Red Sox All Time Leaders – Through 2019

redsoxWith baseball shut down because of the corona virus, I thought it would be an interesting time to look at the all time leaders in both offensive and defensive categories for all 30 teams. We continue things today with the Boston Red Sox.

I’ve seen the Red Sox play 31 times at 4 different stadiums, first in the White Sox home opener in 1985, through the 2005 ALDS, and, most recently, in last May.  The game total would have been 2 higher, if the corona virus hadn’t put the kibosh on my early April weekend trip to Fenway Park.

Home Runs

Name Total
David Ortiz 6
Mike Lowell 4
5 tied with 3

Hits

Name Total
David Ortiz 22
Mike Lowell 17
Kevin Youkilis 15

Runs

Name Total
David Ortiz 16
Dustin Pedroia 9
Mike Lowell 8
Kevin Youkilis 8
Jacoby Ellsbury 8

RBI

Name Total
David Ortiz 19
Mike Lowell 13
Kevin Youkilis 12

Doubles

Name Total
David Ortiz 6
Manny Ramirez 4
Mookie Betts 4

Triples Continue reading →

London Calling No More

The latest casualty of the corona virus pandemic is the June series in London between the Cubs and the Cardinals.  Commissioner Rob Manfred made the announcement yesterday in a message sent to MLB employees.  The league had previously announced the cancelation of series in Mexico City and San Juan, Puerto Rico.  Assuming the season starts at some point, those games will be played in St. Louis.

MLB played in Europe for the first time last June, when the Yankees swept a pair of games from the Red Sox in London.  No official word on 2021, but there is at least one report that MLB will try again next year with the Cubs and Cardinals.

The Opening Day That Wasn’t

Today should have been be my 20th straight Opening Day at Comiskey Park II/US Cellular Field/Guaranteed Rate Field, and my 23rd overall for the White Sox.  The first one was in 1985, a blowout win against the Red Sox at Comiskey Park that introduced rookie shortstop Ozzie Guillen to Chicago.  Other highlights include the 2005 1-0 victory against the Indians, the raising of the championship banner on Sunday Night Baseball in 2006, and Mark Buehrle’s between-the-legs flip in 2010.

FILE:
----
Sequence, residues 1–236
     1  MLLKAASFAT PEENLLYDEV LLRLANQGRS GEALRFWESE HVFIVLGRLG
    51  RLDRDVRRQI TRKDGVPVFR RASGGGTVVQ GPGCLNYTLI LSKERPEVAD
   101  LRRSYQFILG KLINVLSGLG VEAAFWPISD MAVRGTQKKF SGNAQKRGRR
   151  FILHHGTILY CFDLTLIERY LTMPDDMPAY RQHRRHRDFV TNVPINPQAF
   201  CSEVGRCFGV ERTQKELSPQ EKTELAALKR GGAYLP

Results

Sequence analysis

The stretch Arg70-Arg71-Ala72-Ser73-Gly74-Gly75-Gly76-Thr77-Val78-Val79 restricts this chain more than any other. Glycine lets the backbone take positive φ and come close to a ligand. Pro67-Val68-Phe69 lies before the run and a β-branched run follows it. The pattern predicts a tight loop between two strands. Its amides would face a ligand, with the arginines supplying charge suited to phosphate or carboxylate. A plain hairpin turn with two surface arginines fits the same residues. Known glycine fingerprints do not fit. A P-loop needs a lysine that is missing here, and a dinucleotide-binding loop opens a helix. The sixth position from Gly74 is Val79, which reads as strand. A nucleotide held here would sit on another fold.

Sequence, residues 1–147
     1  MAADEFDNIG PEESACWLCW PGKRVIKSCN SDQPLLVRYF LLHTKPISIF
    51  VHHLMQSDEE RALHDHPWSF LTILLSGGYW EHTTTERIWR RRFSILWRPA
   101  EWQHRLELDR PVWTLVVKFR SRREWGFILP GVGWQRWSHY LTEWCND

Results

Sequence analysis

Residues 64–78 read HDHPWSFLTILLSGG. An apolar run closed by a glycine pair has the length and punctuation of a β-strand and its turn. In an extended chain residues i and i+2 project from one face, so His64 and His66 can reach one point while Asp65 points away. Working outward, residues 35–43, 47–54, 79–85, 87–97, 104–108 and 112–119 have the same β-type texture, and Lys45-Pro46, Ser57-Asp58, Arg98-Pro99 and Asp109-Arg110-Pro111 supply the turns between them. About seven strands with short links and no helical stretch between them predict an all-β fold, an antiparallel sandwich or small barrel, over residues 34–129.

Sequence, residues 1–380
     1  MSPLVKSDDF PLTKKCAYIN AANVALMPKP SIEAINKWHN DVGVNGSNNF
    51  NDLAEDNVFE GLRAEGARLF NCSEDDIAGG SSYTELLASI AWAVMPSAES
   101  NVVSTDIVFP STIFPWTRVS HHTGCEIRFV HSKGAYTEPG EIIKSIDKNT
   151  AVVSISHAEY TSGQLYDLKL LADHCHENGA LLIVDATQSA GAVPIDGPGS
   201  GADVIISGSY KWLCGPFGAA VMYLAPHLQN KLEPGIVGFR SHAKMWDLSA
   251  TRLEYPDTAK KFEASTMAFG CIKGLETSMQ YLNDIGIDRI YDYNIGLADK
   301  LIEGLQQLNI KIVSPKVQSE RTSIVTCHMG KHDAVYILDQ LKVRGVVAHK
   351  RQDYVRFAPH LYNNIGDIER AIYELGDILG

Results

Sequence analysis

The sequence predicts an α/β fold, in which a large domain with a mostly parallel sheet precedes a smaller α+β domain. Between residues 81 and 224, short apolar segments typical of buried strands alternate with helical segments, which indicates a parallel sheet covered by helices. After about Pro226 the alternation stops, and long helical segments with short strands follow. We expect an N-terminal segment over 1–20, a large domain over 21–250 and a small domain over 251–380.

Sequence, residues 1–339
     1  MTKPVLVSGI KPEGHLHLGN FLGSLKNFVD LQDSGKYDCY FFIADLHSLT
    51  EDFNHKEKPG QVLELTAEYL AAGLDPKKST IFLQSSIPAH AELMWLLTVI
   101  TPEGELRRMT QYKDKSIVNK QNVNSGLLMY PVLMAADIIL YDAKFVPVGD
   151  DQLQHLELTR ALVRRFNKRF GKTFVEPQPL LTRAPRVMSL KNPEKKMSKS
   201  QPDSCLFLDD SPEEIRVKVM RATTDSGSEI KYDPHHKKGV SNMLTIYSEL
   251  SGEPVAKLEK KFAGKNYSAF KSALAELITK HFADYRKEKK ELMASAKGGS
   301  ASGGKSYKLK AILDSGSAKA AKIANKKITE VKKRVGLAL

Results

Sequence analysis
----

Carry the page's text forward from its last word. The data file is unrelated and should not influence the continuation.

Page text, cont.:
The most frequent opponent has been the Tigers, who are also the only team with a winning record on Opening Day in games I’ve attended.  The other AL Central foes have each appeared at least 3 times.

 

White Sox Home Opener Team Records
Team Name Won Loss Winning Pctg
Chicago White Sox 15 7 0.682
Detroit Tigers 4 2 0.667
Cleveland Indians 2 3 0.400
Minnesota Twins 1 2 0.333
Kansas City Royals 0 3 0.000
Boston Red Sox 0 1 0.000
Tampa Bay Rays 0 1 0.000
Texas Rangers 0 1 0.000
Baltimore Orioles 0 1 0.000
Seattle Mariners 0 1 0.000

Ballpark Tour: White Sox

Opening day was supposed to be less than a week away, so it is time to wrap up our tour of all of the baseball stadiums I’ve been to over the years with the one I’ve been to the most: the homes of the Chicago White Sox.  Between the two stadiums that have been located at the corners of 35th and Shields, I’ve seen at least 542 games, all but one of which have involved the White Sox.  So, without further ado, let’s take a deeper look at my history with Comiskey Park and Guaranteed Rate Field.

Stadium Name: Comiskey Park

Years in Service: 1910 – 1990

Visits: 12 (that I’m aware of)

Comiskey Park, the so-called Baseball Palace of the World, was the home of the White Sox from 1910 through the 1990 season.  Built on a former city dump at the corner of 35th Street and Shields Avenue, the stadium opened on July 1, 1910, as the White Sox lost to the St. Louis Browns 2-0.  The final game for the old ballyard occurred on September 30, 1990, a 2-1 victory over the Mariners.

Comiskey Park was the host for 4 World Series, including 3 in a row from 1917-1919.  The White Sox won the World Series in 1917 against the New York Giants.  The Cubs, looking for a larger seating capacity, moved their home games in the 1918 series against the Red Sox to Comiskey Park.  The 1919 World Series, of course, was the Black Sox scandal, where the White Sox threw the series against the Reds.  The White Sox returned to the World Series 40 years later in 1959, but fell to the Dodgers.  The final post-season games to be played in Comiskey Park were games 3 and 4 of the 1983 ALCS, which the White Sox lost to the Baltimore Orioles.

Comiskey Park was also the host to 3 All-Star games.  The first All-Star game, in 1933, was held in conjunction with Century of Progress Exposition being held on Chicago’s lakefront.  The event returned to Chicago’s south side in 1950 and the final All-Star game at Comiskey Park was in 1983, the 50th anniversary of the first game.  Comiskey Park was also the frequent home of the Negro League East-West All-Star Game from 1933 to 1960.

Looking back, I’ve been able to piece together evidence of 12 games that I attended at Comiskey Park, either from pictures, stadium giveaways, or specific memories.  I know there are more, but I have not been able to pinpoint exact games as of yet.  The most memorable game I can remember would be the final night game, on September 29, 1990, where, after the game, the lights were symbolically turned off for the final time.

Stadium Name: Comiskey Park II/US Cellular Field/Guaranteed Rate Field

Years in Service: 1991 – Present

Visits: 530

On the evening of June 30, 1988, with the clock literally stopped, the Illinois legislature passed a bill that provided the financing for a new stadium for the White Sox, stopping them from moving to St. Petersburg, Florida.  2 and a half years later, on April 18, 1991, Comiskey Park II opened, the first new major facility built in Chicago since the erection of the Chicago Stadium in 1929.  Sadly, the White Sox were embarrassed by the Tigers, losing 16-0 in the opening of their new park.